C. Russell Price's 'Apocalypse Poems'

  • by Mark William Norby
  • Tuesday July 5, 2022
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poet C. Russell Price
poet C. Russell Price

Appalachian genderqueer punk writer C. Russell Price's first full-length poetry collection, "Oh, you thought this was a date?!: Apocalypse Poems" imagines a world of broken objects, clouds infused with black smoke and rivers that drain blood out to a far southern tributary.

Composed of poems exploring the complexities of identity and the individual act of stepping into one's distinct personhood, Price's art is coupled with internal forces of emotional instability loitering at the edge of an imagined end-time. Experiments in this collection create a singular linguistic fashion that is both attention-grabbing and obscure without being unimaginable.

Originally from Glade Spring, Virginia, Price now lives in Chicago and is a Lambda Fellow in Poetry. Price has adopted plural pronouns, and demands that the reader enter their verse to become powerful enough to slice through questions of future with answers that initially say "No." In cinematic language and scenes bathed in dark humor and resilience, the surreal is familiar and grief is a national pastime. Their answers gamble with certainty, an apocalypse personal to each of us but universal in its meaning.

At the opening of sequential sections, the book repeatedly returns to a title word: "Cage" for one example; underneath that they set up a suggested soundtrack: "I can't stand the rain"; followed by the repeating header, "Ritual."


Grow something edible from seed;

at harvest, let it rot.

Write an apology letter.

Dead-eye yourself in a mirror,

whisper the name of everyone

who has wronged you

and who has loved you

and who has done both.

Turn every faucet on.

Burn the letter. Write it again, but better.

"Ritual" works in a way that benefits a genderqueer individual redefining their life on their own behalf and for their own survival. In the process, they inspire other readers and writers to find their own process of self-revelation. Ritual then is essential, as it is for understanding the different stages of life we pass through in order to contextualize our lives. After the three staging effects a series of poems proceed.

The collection pulses with beats that follow destruction whether human or natural, with the author's cinematic approach to language that lends itself to scenes that breath and are on full display with dark humor and a no-holds-barred approach to the surreal and familiar — "Grief is a national pastime."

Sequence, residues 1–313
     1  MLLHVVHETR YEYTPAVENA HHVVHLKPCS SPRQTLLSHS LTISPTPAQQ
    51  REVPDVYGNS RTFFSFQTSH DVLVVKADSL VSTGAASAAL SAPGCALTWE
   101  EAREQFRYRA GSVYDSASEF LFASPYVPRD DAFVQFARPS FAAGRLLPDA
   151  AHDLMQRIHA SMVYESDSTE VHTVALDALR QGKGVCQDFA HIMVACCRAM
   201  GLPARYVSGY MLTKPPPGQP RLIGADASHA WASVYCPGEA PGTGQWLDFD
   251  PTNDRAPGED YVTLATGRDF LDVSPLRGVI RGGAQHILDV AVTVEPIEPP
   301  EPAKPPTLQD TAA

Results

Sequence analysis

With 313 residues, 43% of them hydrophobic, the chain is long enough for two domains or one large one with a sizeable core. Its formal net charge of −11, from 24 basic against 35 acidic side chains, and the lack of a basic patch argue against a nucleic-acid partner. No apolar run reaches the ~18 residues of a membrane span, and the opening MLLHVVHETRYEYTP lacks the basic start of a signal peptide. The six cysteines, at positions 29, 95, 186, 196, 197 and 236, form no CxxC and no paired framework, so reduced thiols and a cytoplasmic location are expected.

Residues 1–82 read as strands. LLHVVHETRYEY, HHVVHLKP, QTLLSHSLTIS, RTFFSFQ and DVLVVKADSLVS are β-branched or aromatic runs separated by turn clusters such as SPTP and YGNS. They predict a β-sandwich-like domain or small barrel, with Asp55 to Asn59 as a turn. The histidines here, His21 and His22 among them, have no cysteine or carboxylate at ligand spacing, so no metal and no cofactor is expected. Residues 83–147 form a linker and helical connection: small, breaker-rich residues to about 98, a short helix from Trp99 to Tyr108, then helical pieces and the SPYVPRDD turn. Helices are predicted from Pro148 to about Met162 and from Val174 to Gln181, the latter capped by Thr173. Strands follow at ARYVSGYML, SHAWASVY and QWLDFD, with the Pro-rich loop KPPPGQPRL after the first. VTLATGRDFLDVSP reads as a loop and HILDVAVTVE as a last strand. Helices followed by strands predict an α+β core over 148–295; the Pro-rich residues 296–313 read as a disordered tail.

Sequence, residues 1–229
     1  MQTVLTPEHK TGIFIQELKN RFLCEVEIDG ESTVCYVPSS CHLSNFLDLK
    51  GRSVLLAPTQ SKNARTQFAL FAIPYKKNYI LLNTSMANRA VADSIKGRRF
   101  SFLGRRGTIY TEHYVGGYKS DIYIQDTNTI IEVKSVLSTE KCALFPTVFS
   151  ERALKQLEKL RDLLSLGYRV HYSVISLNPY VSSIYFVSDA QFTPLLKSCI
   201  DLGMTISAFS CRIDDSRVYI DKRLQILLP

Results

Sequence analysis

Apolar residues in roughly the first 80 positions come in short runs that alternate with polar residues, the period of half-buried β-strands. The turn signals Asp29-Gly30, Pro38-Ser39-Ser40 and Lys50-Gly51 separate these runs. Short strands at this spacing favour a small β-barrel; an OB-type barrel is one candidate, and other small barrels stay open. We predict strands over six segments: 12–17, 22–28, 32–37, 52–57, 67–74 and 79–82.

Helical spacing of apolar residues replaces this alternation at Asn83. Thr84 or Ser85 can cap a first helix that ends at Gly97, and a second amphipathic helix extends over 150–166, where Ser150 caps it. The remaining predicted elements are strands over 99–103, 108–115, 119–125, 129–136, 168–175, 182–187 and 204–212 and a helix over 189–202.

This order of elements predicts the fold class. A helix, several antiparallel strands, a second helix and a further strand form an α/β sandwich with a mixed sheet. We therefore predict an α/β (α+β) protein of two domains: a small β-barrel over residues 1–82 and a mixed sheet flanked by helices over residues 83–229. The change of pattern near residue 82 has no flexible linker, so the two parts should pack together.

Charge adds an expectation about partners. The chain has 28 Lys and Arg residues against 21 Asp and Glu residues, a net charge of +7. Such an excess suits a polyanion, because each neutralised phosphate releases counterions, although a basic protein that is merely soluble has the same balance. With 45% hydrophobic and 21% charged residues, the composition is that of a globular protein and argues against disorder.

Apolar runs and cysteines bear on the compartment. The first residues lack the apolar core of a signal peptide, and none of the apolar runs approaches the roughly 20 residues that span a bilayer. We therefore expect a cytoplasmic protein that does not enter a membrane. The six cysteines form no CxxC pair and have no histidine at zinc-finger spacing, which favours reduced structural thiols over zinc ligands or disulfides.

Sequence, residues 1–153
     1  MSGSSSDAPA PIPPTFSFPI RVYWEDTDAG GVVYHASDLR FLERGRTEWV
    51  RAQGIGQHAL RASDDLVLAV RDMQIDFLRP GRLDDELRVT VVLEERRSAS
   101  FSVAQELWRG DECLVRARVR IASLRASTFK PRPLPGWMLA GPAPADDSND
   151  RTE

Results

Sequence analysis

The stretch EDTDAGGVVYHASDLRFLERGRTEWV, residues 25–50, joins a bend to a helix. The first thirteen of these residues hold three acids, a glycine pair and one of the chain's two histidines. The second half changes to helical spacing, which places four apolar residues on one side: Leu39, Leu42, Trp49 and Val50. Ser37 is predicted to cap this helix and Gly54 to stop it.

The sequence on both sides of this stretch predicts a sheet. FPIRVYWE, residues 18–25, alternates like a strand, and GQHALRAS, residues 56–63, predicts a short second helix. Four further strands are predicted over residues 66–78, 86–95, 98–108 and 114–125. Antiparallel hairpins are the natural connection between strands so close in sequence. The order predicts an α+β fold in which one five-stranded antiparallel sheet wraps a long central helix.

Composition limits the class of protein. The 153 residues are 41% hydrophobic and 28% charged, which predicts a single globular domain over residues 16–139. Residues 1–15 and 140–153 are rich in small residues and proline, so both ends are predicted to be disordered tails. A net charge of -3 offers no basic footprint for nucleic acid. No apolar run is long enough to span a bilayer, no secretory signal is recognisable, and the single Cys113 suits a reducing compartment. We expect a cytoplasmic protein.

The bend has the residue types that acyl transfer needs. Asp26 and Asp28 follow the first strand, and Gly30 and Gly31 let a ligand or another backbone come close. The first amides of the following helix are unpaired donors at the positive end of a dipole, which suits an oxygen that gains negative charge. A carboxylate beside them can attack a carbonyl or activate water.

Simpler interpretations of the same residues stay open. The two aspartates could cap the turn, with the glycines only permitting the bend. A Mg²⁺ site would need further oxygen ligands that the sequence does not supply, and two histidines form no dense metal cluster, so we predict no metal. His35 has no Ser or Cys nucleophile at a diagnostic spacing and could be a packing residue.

There is energy in the poems, and confusion — emotions are felt here, frenetic. "These poems are not for pearl clutchers." They are for those who have already felt their own private apocalypse, have felt and are still feeling the reality of now both decentering and opportunity making. Does the individual survive? Will we survive?

Should you buy this book? You should buy it for lines like, "Honey suckle from my furried tit since there's a bad moon rising and I hear hurricanes blowing" and "You wanted the end to have been fireworks in February, you wanted it to be all watercolor run-off. The tornado named Samantha comes into the bar and kisses you and slams her purse of broken men beside me."

If what you seek is a unique angle on the poetic form not before seen, and on a new series of components that supersede the verse which Price composed by beginning each section in arrangements like an encyclopedia or dictionary that sets up the reader to engage with what is more important —that contained in the author's yearnings and desires held in lines of verse — then yes.

What is intended by their method is the establishment of environments of feeling that can only be understood by consuming Price's own life, one that was consumed by their book and is now an invitation extended for readers and writers to question "Oh, you thought this was a date?!" in order to begin the new days ahead unbounded by the mad world.

Price arrives at an unknowing place, stating, "When I call him after a proper cry in the office supply closet, he asks what is drowning me today, as if memory is a growing leak, as if he could offer some Oprah-level shit. Without a doubt, I say that in my family there was a Klansmen."

'Oh, you thought this was a date?!: Apocalypse Poems' by C. Russell Price, TriQuarterly, an imprint of Northwestern University Press. $16. nupress.northwestern.edu

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